Cover of the PJ Local Plan 1 (All pics
courtesy of KW Mak) IN the previous instalment of Ampersand, I explained how the Selangor government came up with the Rancangan Struktur Daerah Petaling dan Sebahagian Daerah Klang as the area’s blueprint for development.
The said structure plan has since fallen into obscurity, and the Petaling Jaya City Council (MBPJ) rarely refers to it when making decisions about town planning. Instead, the document that is presently referred to is the Petaling Jaya Local Plan 1.
But as I pointed out in my previous column, the PJ Local Plan 1 actually contradicts the government-gazetted structure plan.
The PJ Local Plan 1 was prepared by the Petaling Jaya Municipal Council (MPPJ) as a specific development blueprint for parts of PJ . The plan’s implementation period is from 2003 to 2020.
The local plan states that it is an extension of the Rancangan Struktur Daerah Petaling dan Sebahagian Daerah Klang. Despite the statement, however, the PJ Local Plan 1 is inconsistent with and contradicts the gazetted structure plan and the laws governing land use.
Firstly, the PJ Local Plan 1 cites housing development, codenamed RU3, as justification for rezoning and redeveloping Petaling Jaya. The RU3 plan originates from the gazetted structure plan, which had a map demarcating where these development areas were supposed to be.
Map from the structure plan demarcating areas for housing development
Looking at the map from the structure plan, it is clear that the plan’s area for rezoning and redevelopment for RU3 is nowhere near the areas demarcated in the PJ Local Plan 1. Hence, RU3 cannot be used to justify redevelopment of PJ. This means that the local plan’s area is not consistent with the structure plan’s area of survey, making it inconsistent with what has been gazetted.
Areas marked for development in the PJ Local Plan 1
The PJ Local Plan 1 was also used to justify the existence of “limited commercial areas” within PJ. Several houses located along major arterial roads like Jalan Universiti, Jalan Gasing, and several parts of SS2 were promptly rezoned, even though the structure plan stipulates that PJ is zoned as a residential area.
But by rezoning these areas as “limited commercial areas”, this purportedly enables the houses to be used for limited commercial activity while leaving the property’s land title as “housing”.
To justify allowing limited commercial activity, the PJ Local Plan 1 states that there is “pressure from existing development”. But it cites no laws that allow acting in contradiction to a gazetted structure plan. In fact, the implementation of this limited commercial area development contravenes the National Land Code, specifically the section which touches on express conditions.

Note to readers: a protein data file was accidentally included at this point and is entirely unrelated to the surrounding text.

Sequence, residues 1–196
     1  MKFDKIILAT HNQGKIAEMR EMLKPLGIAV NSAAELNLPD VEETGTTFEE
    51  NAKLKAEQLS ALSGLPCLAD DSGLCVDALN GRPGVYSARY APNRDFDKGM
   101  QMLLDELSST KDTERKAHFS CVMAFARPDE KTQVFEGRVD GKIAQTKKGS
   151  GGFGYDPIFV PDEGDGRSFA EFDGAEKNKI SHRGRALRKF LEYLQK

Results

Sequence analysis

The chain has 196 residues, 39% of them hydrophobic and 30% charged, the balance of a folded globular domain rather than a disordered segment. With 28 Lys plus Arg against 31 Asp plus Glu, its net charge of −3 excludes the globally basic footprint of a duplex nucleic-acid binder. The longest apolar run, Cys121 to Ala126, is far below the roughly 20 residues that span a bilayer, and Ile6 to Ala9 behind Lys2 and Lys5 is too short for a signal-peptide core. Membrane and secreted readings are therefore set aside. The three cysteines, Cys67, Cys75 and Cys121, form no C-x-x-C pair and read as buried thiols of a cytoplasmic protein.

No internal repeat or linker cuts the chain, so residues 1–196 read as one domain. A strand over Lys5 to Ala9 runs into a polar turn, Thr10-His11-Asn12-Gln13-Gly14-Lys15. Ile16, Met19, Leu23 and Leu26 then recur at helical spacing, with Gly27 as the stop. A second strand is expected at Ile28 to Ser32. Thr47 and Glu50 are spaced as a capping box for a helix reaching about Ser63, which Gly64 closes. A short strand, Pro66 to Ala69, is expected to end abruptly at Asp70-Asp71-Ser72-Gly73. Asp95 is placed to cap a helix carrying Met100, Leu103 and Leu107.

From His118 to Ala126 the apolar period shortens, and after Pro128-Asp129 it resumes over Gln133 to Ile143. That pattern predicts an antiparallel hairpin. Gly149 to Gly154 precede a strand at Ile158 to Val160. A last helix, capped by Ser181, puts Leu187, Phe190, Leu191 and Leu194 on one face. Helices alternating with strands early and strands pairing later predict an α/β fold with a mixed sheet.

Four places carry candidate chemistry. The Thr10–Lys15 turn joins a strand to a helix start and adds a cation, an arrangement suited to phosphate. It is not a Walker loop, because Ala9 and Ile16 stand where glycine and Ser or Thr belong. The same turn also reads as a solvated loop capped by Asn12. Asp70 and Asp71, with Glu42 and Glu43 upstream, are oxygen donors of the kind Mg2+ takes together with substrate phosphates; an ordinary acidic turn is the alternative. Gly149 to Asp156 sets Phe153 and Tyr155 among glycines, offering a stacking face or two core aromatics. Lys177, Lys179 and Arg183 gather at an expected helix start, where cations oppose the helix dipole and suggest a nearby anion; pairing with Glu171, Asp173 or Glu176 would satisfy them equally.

Breaking the law
Express conditions are found on a land title and provide a reference on what the land can be used for. Section 108 of the National Land Code states that if there is any conflict between any by-law or restriction imposed by any local authority or planning authority with the express condition, the express condition shall prevail.
All houses have land titles to them that should state “housing” under their express condition. Since the “express condition” differs from what the PJ Local Plan 1 allows, the National Land Code’s provision would override the local plan.
Finally, the local plan’s application has always been justified under Section 18(1) of the Town and Country Planning Act. This section states that “no person shall use, or permit to be used, any land or building otherwise than in conformity with the local plan”.
However, Section 18(1) should not be read independently. Section 18(3) states that 18(1) does not apply to areas that have already been developed. It also affirms that any land that has a proper land title shall have that land title take precedence over any plans that come after it. Petaling Jaya was developed well before the Petaling Jaya Local Plan 1 came into existence.
State government warned
The Selangor government was warned about these legal issues back in 2003, just a few months after the PJ Local Plan 1 was introduced. In a report titled Laporan Pemeriksaan Rancangan Struktur Negeri Selangor, prepared by the Selangor Town and Country Planning Department and the Federal Town and Country Planning Department, the report mentions:
that the state government may not have the power to do as it pleased with regards to development because of Section 18 of the Town and Country Planning Act;
that the Rancangan Struktur Daerah Petaling dan Sebahagian Daerah Klang be used as an instrument to control sustainable development; and
that fully built-up areas should no longer be developed, and that the state government must follow the National Physical Plan as prescribed under amendments to the Town and Country Planning Act.
With the applicability of the PJ Local Plan 1 on town planning in question, I believe the MBPJ should discontinue usage of this document. Decisions that were made using the document should also be reviewed. And residents who were affected by these decisions should write in and challenge them.
The officers that prepared the PJ Local Plan 1 should also explain why there are so many inconsistencies and contradictions with the law.
The conclusions I’ve arrived at do not represent the local council’s stand. But it is vital nonetheless to have public discourse over such an important matter.
 RTPJ1 covers the following PJ areas: Sections 1 to 12, Section 14, Sections 16 to 22, Sections 51, 51A and 52, SS1 and SS9A.
MBPJ councillor KW Mak prepared this report using publicly available documents, meaning none of them have the dreaded Official Secrets Act classification stamped all over it.
Read previous Ampersand columns